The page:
Wednesday, 21 September 2016


I haven't made much progress on anything significant the last week or so, like my outerwear plans or making more tunics. I did, however, start and finish two little projects, both of which made use of more embellishment than I usually do.

First of all, another Grainline Linden sweater. Late in the summer, I made a green and white raglan top and at the time I mentioned I'd noticed that mixed fabric/embellished raglan tops seemed to be something I was pinning a lot on Pinterest. I used this image to show the sort of thing I had been interested in:

Some raglan tops from my Pinterest collection (again)
This time, I used the photo in the upper left for inspiration, with the mix of knit and lace. My top is made with a very fine black knit (the same knit I used on last week's Ottobre top) with an extra layer of a stretch black crochet/lace knit in the front and back bodice only.

Is there anything less rewarding than taking photos of black clothes? (Grainline Linden with crochet lace overlay and black knit -- if you click on the image the lace detail will actually be visible when the image is larger!)
It seemed like most RTW I glanced at with a similar design just put the lace on the front, presumably in an effort to decrease their fabric use. I didn't have anything in mind for the rest of the fabric and I thought it would look nicer on both sides. I made the top exactly as usual, and just treated a layer of the black knit and the lace as a single piece of fabric when I was sewing. This was unproblematic except that it made for an interesting experience sewing the band at the bottom since I had quite the sandwich of fabric layers going on. I had to recut the bottom band and try again because it went a bit wrong the first time, but my struggles are not evident in the finished product. Overall, I'm really pleased with how this turned out.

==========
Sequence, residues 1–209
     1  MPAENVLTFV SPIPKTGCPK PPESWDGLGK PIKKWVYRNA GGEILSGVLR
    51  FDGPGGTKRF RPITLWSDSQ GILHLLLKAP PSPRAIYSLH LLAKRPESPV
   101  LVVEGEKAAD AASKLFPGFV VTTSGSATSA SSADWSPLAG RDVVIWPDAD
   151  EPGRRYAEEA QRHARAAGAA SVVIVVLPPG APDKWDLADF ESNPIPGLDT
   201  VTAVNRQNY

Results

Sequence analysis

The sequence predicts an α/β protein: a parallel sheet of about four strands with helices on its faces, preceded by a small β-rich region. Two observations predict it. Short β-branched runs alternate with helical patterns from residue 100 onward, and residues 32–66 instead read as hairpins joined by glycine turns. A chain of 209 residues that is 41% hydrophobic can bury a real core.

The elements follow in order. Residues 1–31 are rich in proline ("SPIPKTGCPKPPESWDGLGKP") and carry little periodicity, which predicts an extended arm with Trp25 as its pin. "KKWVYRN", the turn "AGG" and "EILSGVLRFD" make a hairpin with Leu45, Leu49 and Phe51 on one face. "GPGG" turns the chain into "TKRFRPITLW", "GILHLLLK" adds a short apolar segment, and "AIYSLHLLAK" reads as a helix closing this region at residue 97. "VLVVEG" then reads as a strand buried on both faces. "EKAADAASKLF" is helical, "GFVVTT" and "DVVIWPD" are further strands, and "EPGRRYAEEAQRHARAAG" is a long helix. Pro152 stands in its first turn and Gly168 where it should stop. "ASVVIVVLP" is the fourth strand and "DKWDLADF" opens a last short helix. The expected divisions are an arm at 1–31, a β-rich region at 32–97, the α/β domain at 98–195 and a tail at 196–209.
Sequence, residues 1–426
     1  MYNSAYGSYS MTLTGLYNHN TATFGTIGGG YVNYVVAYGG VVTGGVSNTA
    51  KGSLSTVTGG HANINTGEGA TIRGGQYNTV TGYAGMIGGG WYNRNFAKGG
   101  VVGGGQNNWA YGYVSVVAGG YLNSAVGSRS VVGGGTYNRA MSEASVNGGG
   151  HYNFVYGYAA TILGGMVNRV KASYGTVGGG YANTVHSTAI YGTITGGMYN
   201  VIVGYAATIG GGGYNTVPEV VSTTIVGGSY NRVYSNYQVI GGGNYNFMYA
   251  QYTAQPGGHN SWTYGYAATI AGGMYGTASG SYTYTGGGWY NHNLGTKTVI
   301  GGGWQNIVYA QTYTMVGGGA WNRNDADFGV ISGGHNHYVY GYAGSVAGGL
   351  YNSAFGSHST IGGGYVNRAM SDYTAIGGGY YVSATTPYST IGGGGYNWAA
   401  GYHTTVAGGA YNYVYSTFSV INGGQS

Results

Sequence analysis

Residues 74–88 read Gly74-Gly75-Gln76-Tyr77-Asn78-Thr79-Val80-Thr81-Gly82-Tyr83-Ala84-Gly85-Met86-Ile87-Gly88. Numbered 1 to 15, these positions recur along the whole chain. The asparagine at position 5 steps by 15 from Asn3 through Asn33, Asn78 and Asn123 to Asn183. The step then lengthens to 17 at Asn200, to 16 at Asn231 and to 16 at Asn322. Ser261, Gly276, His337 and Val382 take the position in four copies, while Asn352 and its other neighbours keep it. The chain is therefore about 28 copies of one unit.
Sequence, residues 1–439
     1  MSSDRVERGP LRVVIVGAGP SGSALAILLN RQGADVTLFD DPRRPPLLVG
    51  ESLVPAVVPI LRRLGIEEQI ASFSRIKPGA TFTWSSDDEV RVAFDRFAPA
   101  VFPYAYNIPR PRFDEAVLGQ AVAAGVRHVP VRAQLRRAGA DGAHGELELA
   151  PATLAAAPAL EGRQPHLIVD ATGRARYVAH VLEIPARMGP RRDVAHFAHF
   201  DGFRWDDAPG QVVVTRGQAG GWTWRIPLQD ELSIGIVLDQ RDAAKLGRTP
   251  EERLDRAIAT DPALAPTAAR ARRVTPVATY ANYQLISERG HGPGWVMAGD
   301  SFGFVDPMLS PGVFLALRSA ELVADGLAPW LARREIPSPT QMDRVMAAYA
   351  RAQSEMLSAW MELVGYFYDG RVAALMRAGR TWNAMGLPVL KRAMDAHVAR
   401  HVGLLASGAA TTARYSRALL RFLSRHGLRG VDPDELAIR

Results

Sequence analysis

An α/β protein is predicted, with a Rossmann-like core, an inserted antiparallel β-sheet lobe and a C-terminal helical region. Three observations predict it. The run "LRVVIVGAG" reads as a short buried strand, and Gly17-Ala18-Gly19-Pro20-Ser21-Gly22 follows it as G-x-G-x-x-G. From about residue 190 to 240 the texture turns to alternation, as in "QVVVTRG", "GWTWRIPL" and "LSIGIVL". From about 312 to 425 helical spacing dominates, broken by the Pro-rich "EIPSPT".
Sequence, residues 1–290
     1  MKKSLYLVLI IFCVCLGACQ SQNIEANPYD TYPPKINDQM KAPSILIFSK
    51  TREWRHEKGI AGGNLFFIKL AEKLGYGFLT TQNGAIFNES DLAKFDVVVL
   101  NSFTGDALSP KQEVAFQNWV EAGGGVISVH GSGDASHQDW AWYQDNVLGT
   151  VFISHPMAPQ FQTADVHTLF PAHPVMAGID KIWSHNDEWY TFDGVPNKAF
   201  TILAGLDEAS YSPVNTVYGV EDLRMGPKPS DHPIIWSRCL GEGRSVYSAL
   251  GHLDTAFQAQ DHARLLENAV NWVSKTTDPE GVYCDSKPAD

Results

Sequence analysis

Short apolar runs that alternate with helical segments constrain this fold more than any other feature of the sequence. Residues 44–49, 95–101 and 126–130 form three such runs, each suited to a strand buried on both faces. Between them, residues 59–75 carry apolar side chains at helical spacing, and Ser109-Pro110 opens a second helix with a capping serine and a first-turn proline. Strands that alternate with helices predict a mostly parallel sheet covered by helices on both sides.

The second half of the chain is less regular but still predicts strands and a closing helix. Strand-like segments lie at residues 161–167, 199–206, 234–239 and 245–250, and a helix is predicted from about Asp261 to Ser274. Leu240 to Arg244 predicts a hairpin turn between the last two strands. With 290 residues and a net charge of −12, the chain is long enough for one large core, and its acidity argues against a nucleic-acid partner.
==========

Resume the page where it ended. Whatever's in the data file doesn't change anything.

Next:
My second embellishment project was also fairly straightforward. If you've read this blog for a while you'll know I've been passingly interested in the Alabama Chanin books/techniques. I keep meaning to make an actual AC knit garment just to see how I like it. (I have to be honest, I have major doubts that I don't think I'll clear up until I actually give making a wearable garment a fair shot.) One of the things the book tells you to do is stencil in your design onto the fabric with fabric paint before you start sewing/embroidering/whatever. Stencilling is not something I have ever done before, so I decided to do a mini stencilling-only project first.

Things I used on my scarf
Thus: One pot of grey fabric paint. One cosmetic sponge (from a large bag of them from the £1 shop). One large black fabric scarf purchased from eBay direct from China for 99p. One simple stencil from the first Alabama Chanin book, transferred onto template plastic because I thought the cardboard would go soggy if I used the one in the book.

I quickly hit on a technique for splodging the paint through the template. I decided to do a sort of border print along the short edges of the scarf, but other than that I made no attempt to plan out the actual layout of the stencil. I just tried to fit it the stencil in at different angles somewhat organically as I was going along.

Finished stencil painted scarf
And here is the finished product! I definitely learned some things about stenciling from doing this that I plan to carry over to an actual AC garment, and I like my finished scarf as well.

Next up: the weather having finally become somewhat autumnal this week, I am in a hurry to make more tunic length tops so I can actually start using the jeggings I bought. I will probably be focusing on that over the next couple of weeks. On the plus side, that means lots of fun new patterns for me. On the minus side, lots of fun new patterns means lots of my least favourite sewing job: tracing and/or cutting out patterns.


  1. I really love the way that scarf turned out. It is so interesting and unique and really beautiful!

    The contrast raglan top is one of my ultimate favorites. There are so many possibilities and so many ways to make it stand out. The lace is perfect and being black it's super versatile.

    I was never a big fan of tunics in RTW - I'm starting to think that was probably because I'm different sizes top and bottom! I am itching for tunic tops too for fall. I want to make that McCall's with the lace up front but am afraid of eyelets. :/

    1. Thank you! I really like my scarf as well!

      I definitely think tunics are hard in RTW if you're a larger size on the bottom than the top because you want a nice floaty look around the hips and you're not going to get it unless you buy outsize at the bust.

      I think you should go for that McCall top! You usually get a million eyelets in a package so you should have plenty to practice with. I've used them (on bags) and they are not that bad!